Then she’ll thank God for all her favorite things… her family (especially her “cute little baby brother”), chapstick, ladybugs, and Christmas trees…

After Alan Kurdi and his brother washed up on a Turkish beach, we started praying for Syria, too. We prayed that children and families from Syria would find safe places to live. I knew at some point, this would lead to difficult questions. But I guess I sort of figured that I would be in the role of the teacher…

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The other night, Elizabeth decided she wanted to pray for Syria. It went something like this.

“Dear God…” Then she stops. “Dad, what’s that place the people are running away from?”

Me: “You mean Syria?”

“Yeah,” she says. “Why are they running away?”

“Because there’s a war there,” I say, a little worried about what’s coming next.

“What’s a war?”

Now I’m fumbling for an age-appropriate response. “War is when people are fighting very meanly with each other. It’s when they’re destroying people’s homes and doing all sorts of bad stuff.”

Elizabeth starts to pray again: “Dear God, please be with Syria. And please help the kids there learn not to fight…”

I interrupt, hoping God won’t be too mad at me for cutting off a 5-year-old in mid-prayer.

“Actually, Elizabeth, it’s not the kids who are fighting. It’s the grownups.”

Elizabeth looks at me, disbelieving. “What?”

Then she starts praying again: “Dear God, please make the grownups stop fighting because they should know better.”

Yes, Elizabeth, they should.

Sometimes it takes a 5-year-old stating the obvious to make you realize just how badly we’ve lost our way.

To my daughter, it’s simple. You should be kind to people. Not that she’s perfect at it. Far from it. But for her, there’s no complexity. There are no mitigating factors. You should just be kind. Period.

For her, you should take care of the earth because the earth is our home. You should respect people who are different because different isn’t bad; it’s just different.

Christians often talk about sin—or sinful nature—as something we’re born with. We call it “original sin.” I believe there is something to this idea. We are all both victims and culprits of sin in various ways. Inevitably so.

But perhaps the greatest sin of all is losing our childlike ability to see the world in simpler terms as we grow older. You should just be kind to each other because being kind is good. You should take care of the earth because the earth is our home. You should be OK with the fact that people are different because that’s how God made us. You should love each other, because what’s better than love?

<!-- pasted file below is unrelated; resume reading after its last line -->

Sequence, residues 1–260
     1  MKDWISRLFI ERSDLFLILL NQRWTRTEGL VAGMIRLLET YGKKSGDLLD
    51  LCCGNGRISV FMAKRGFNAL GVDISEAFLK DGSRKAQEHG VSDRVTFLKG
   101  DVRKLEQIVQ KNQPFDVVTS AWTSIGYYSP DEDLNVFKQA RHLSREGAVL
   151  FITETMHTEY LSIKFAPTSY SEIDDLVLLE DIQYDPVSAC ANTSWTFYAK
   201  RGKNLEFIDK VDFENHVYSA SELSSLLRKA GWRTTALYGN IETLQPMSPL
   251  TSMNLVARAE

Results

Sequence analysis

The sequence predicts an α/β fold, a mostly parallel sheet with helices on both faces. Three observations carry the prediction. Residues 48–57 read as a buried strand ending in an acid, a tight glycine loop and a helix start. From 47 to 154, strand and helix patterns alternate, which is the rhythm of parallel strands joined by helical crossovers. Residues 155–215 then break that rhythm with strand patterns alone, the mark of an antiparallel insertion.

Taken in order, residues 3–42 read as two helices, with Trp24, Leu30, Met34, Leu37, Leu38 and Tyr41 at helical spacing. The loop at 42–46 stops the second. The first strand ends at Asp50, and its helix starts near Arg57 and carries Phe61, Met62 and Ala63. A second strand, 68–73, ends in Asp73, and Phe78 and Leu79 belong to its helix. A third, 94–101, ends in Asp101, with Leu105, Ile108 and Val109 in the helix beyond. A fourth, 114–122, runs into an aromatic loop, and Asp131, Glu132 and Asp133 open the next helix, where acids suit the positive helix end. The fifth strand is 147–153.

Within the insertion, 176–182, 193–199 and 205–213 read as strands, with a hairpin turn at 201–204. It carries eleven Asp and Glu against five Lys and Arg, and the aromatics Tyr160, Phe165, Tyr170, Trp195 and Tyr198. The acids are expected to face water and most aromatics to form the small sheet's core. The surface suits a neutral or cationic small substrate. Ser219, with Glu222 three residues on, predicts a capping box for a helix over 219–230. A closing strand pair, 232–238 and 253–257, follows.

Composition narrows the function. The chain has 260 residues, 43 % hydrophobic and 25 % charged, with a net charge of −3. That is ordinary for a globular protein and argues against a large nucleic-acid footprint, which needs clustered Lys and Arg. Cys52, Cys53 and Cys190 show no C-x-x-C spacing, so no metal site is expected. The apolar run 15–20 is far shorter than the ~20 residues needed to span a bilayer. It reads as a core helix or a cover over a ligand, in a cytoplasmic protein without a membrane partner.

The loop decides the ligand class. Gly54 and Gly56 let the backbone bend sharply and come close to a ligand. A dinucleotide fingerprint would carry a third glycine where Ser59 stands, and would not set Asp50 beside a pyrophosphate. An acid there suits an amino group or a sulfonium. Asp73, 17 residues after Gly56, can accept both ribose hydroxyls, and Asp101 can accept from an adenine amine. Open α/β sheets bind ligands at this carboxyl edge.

My daughter isn’t just teaching me to pray again. She’s teaching me how to pray—and how to look at the world when I’ve opened my eyes again.

Image: Freedom House on Flickr / Public Domain

Why we need a little Advent

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Easy listening stations have been pumping out wall-to-wall Christmas music for almost a month now. Still, that’s nothing compared to 2001. In the wake of September 11, one station near me started airing holiday music in early October because, as their jingle relentlessly proclaimed, “We need a little Christmas now.”

Yet for all our rush to get to Christmas, in about four weeks we’ll be scrambling to put it behind us with similar haste. Today, that same radio station is already assuring listeners that its usual mix of adult contemporary pop will return the minute Christmas is behind us.

We’re not very good at waiting for Christmas—or lingering over it, when it finally comes.

I think one reason it’s hard to wait is because we’re hoping for some kind of respite from the world—the kind of respite Christmas seems to offer. We want to come in from the cold, even if it’s just for a little while.

But somehow the payoff of Christmas feels hollow when we finally get there. It never quite delivers the respite or the escape or the “peace on earth” we’re looking for. Maybe that’s why “after-Christmas letdown” is a thing—one with over a million search results. Christmas ends… and we’re left facing the world as it is again.

I believe the answer lies, in part, in allowing ourselves to fully experience Advent first.

Advent forces us to linger in the dark—even as we wait, sometimes impatiently, for our redemption. It’s only by lingering here that we can see the light of Christmas properly, that we can appreciate the full implications of this sacred festival.

This year, Advent began with a quote from Jesus mentioning “distress among nations,” a reference that surely rings true today. “People will faint from fear and foreboding of what is coming upon the world,” Jesus warned.

His prediction is coming true all around us, as it has been for two thousand years.

Advent calls us to look upon the distress of our world. The devastation of Paris, Beirut, Syria. The murder of Laquan McDonald—and hundreds like him—at the hands of a system that criminalizes blackness. The blasphemous contradiction of a pro-life killer or a Christian who turns away refugees.

Advent insists that we see the world as it is—that we see its brokenness and our part in it.

This can be challenging for those of us who’ve known nothing but privilege and power and comfort our whole lives. Those, however, who’ve experienced alienation or oppression firsthand don’t need to be told the world is not as it should be. They don’t need to be lectured on the importance of Advent. Their lives are an Advent in the making. Advent gives a name and a voice to their lived reality—a reality the rest of us would rather ignore.

Advent won’t allow us to ignore the brokenness of our world—which is why it’s important we refuse to ignore Advent.

Confronting the brokenness of our world means confronting the brokenness in our own hearts as well. It means confronting our complicity in systems that oppress, discriminate, or take away life.